Thousands pay their respects to lost USS Fitzgerald sailors at Yokosuka

Thousands lined the streets of Yokosuka on Tuesday, June 27, 2017 to pay their respects to the seven USS Fitzgerald sailors who died after the destroyer collided with a cargo ship off Japan on June 17.
Stars and Stripes

By TYLER HLAVAC | STARS AND STRIPES Published: June 27, 2017

YOKOSUKA NAVAL BASE, Japan — Thousands of people lined the streets of Yokosuka Tuesday to pay their respects to the seven USS Fitzgerald sailors who died after the destroyer collided with a cargo ship off the coast of Japan on June 17.

Servicemembers, civilians and local Japanese workers saluted and waved American flags as a procession of USS Fitzgerald sailors, friends and family members traveled in a fleet of buses from the base chapel to the Fleet Theater, where a memorial service was held for the seven who died.

More than 2,000 people lined the mile-long route, a Navy statement said. The 650-seat theater was filled to capacity for the event, which was closed to the media.

Acting Secretary of the Navy Sean Stackley ordered the national ensign of the United States to be flown at half-mast from sunrise to sunset Tuesday to mourn the lost sailors.

Pacific Fleet Commander Adm. Scott Swift, who visited the Fitzgerald and its crew on Monday, said the destroyer’s sailors and the base are beginning to return to a regular routine, but that scars from the incident would remain.

“We’re not going to be over this,” he told Stars and Stripes during an interview Monday. “This isn’t going to just go away. This is going to be a long-term effort. People are going to process this differently on different timelines. Someone that’s really struggling now … another person may not hit that threshold for six months from now.”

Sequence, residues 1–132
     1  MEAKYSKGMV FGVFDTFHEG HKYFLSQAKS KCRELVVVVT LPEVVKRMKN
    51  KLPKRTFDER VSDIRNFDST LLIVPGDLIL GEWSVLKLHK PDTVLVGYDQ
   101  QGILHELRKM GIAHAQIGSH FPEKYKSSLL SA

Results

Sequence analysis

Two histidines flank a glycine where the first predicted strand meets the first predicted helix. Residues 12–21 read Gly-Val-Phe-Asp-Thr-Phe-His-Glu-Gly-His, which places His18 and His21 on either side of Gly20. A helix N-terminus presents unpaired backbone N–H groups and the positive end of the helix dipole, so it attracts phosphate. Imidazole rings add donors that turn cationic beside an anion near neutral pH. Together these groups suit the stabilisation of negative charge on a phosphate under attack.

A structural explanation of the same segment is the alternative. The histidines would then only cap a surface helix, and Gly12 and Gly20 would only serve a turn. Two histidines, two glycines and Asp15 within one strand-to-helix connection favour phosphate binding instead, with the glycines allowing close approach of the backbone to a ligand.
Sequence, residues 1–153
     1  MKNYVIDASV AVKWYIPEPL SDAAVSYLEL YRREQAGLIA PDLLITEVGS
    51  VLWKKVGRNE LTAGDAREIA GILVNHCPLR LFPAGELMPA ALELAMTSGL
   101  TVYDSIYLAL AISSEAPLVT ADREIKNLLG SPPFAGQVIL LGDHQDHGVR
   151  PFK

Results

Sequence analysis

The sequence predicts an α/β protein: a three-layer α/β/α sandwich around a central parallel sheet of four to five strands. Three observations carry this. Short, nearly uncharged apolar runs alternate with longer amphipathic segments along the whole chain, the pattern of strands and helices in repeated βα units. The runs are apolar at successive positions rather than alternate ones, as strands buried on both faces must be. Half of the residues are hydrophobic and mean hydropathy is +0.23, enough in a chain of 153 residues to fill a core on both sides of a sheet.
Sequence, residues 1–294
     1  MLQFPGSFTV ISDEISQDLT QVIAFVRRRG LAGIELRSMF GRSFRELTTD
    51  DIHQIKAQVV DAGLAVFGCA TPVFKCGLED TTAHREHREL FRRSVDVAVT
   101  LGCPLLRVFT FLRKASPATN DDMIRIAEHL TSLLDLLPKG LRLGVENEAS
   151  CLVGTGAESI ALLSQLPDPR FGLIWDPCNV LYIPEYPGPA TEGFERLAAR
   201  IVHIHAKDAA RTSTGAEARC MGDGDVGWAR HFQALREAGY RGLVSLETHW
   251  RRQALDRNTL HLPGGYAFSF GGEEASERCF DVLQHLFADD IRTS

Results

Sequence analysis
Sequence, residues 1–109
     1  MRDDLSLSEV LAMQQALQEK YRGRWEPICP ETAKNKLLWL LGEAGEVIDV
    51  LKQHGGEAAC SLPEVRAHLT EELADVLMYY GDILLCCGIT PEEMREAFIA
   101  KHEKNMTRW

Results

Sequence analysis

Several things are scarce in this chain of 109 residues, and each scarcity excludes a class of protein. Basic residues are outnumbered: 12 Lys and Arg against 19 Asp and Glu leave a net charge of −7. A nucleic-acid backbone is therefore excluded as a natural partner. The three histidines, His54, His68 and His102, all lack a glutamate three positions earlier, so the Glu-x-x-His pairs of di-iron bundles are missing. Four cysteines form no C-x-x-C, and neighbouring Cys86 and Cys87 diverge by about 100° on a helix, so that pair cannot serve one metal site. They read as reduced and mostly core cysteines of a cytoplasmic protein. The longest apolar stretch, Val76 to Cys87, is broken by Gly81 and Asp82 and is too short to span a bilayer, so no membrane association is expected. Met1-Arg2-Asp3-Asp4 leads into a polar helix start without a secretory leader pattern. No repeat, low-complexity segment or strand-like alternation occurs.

Swift said he was proud of how the crew responded after the collision and that he was struck by their toughness.

“We mourn the loss of the [seven sailors] but it is stunning to me we didn’t lose more,” he said. “When you look at the physical damage, the force of that impact … it is just amazing. The crew needs to understand that their actions saved many more lives. We would’ve lost a lot more if they didn’t respond the way that they did.”

Swift said the Fitzgerald crew has, for the most, regained control of the ship. Sailors from across the 7th Fleet had taken over various duties, including standing watches, to give the Fitzgerald crew time to recover from the accident.

Organizations like the USO, Red Cross and Navy-Marine Corps Relief Society, which extended their hours and services after the collision, have resumed normal operations.

The Fitzgerald is tentatively scheduled to enter dry dock between July 6-8 where it will receive a full damage assessment before being sent stateside for full repairs, Swift said. The assessment will determine if the ship is able to travel under its own power or will need to be towed.

The Fitzgerald is still flooded in some sections, including two berthing compartments, and has areas without power, said Swift, who added that damage below the waterline has still not been fully assessed.

“The overall focus is … we’re gonna fix Fitz,” he said.

Swift said he looking for a ship to take over for the Fitzgerald and is considering vessels outside of the 7th Fleet. He said he has two candidates in mind but declined to name them.


Sailors ceremonially fold seven American flags during a memorial ceremony for seven USS Fitzgerald sailors at Yokosuka Naval Base, Japan, Tuesday, June 27, 2017.

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